Wendie: Jim – artists make art for themselves first and foremost. But I maintain it can’t exist in a vacuum. It needs an energy exchange to live. Payment is one form of energy exchange, just like applause, reviews, acknowledgement from a community of peers, etc. If an artist doesn’t receive at least one of those things to her satisfaction, it is beyond discouraging. I haven’t met one artist (and I was raised by artists) that didn’t have the desire to make art for their living as a primary life goal.
Me: Wouldn’t argue any of that Wendie. But artists also make art for the future – it’s a strong motivation, to leave something behind, to be remembered – that’s the area I’ll be addressing in my response to Sam. As for that vacuum you mention, I understand what you mean, but I’m one who believes no artist has to live in a vacuum – and I believe there are options artists can take (Sam’s taken one, but he seems to think it must involve leaving one art form for another – I disagree with that decision qualifiedly) – and that those options, whether marketing, technological, or some mix of the two, offer artists the opportunity to promote – or present – their art in venues and in ways that might find them audiences.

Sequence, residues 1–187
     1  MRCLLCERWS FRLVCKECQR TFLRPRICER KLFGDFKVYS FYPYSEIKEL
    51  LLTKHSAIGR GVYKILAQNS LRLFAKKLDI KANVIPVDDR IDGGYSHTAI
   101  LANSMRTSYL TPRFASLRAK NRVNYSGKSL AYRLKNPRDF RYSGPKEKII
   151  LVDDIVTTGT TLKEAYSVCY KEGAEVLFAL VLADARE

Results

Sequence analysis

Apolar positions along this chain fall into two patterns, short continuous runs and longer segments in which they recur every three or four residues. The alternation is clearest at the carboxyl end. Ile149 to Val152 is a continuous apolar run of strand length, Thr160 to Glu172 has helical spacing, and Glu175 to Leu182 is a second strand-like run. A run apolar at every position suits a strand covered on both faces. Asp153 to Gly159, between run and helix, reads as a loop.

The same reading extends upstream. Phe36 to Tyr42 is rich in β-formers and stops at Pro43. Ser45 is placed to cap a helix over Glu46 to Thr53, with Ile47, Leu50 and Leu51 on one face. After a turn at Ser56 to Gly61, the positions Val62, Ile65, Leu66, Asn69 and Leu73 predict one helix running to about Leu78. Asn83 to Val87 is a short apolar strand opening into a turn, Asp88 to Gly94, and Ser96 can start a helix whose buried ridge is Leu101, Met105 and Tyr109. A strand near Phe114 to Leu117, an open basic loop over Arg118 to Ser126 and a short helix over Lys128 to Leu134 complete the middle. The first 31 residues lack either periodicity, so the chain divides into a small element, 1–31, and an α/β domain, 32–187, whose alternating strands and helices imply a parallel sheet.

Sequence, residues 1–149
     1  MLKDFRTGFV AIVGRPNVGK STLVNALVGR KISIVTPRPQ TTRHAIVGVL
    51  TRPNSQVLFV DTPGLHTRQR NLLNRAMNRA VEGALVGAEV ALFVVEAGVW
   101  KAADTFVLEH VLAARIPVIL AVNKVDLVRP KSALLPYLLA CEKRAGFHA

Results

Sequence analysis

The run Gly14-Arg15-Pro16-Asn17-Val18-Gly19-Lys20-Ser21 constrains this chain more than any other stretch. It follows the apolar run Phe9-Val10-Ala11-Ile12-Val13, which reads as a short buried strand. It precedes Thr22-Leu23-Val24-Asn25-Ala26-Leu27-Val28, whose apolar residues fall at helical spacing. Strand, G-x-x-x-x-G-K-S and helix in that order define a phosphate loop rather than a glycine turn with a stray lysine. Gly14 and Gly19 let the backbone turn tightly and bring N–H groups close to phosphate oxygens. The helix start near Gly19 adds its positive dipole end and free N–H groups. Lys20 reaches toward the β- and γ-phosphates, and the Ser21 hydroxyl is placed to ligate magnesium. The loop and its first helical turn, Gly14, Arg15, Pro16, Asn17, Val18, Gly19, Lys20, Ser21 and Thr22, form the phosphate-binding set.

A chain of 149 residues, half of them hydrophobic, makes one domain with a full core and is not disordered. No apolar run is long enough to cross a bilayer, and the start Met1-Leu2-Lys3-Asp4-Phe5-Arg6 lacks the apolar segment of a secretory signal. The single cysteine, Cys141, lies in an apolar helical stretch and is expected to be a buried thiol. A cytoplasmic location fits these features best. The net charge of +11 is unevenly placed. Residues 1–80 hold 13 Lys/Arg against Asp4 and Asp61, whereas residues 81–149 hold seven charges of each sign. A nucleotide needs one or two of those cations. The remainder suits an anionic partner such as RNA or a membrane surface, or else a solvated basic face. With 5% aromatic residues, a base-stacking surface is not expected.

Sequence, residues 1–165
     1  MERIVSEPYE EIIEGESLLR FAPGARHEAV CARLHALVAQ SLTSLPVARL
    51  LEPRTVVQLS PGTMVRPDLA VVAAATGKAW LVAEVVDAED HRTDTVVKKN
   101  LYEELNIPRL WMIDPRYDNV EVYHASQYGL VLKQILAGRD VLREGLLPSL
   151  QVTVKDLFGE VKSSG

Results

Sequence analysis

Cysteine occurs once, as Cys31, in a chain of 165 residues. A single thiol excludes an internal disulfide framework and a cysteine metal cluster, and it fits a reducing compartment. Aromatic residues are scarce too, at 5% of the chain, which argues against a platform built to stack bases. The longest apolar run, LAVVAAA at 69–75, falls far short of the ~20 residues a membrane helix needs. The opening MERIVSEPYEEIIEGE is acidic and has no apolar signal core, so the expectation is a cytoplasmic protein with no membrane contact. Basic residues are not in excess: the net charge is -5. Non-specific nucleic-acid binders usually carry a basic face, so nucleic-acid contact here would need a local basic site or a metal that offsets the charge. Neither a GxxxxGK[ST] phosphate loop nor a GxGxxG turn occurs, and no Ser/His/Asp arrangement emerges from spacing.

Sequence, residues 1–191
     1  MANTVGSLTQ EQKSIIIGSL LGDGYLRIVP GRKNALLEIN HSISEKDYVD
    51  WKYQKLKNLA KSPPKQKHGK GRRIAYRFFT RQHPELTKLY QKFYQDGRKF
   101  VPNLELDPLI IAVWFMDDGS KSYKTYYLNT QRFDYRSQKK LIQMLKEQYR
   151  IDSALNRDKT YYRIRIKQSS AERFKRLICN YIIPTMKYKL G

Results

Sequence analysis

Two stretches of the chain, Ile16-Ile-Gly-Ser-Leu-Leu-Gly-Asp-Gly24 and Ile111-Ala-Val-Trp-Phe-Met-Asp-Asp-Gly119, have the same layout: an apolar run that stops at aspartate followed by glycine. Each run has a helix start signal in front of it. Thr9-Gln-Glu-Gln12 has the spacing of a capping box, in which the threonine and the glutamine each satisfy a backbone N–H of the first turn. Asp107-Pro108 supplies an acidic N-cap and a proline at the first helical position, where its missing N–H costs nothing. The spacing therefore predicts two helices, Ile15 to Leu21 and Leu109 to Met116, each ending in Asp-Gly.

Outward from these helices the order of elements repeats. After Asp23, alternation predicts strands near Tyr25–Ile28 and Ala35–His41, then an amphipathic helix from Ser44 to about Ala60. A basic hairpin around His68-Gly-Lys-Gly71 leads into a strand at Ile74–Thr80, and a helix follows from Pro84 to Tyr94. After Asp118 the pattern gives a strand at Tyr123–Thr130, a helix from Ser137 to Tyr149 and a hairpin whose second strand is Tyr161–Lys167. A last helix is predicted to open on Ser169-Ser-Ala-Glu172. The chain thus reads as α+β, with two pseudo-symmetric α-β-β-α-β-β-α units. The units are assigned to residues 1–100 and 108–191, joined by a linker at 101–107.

Wendie’s argument – that artists have to find an audience and make a living – is both valid and powerful. And her career as a composer of music for television, film, and commercials bears out her commitment to finding a way to practice her art in a fashion that allows her to make a living practicing her art. Her response to my reply – that an artist’s leaving one medium to practice another is a bitter experience – is made clear below:
Wendie: Only thing I’d say to that is that to move away from one medium that you had your heart set on and your identity wrapped up in is sometimes necessary. Painful and heartbreaking, but necessary.
Sam, as his essay notes, has made that painful change from one medium to another, hoping that pictures will give him the artistic satisfaction he gets from words.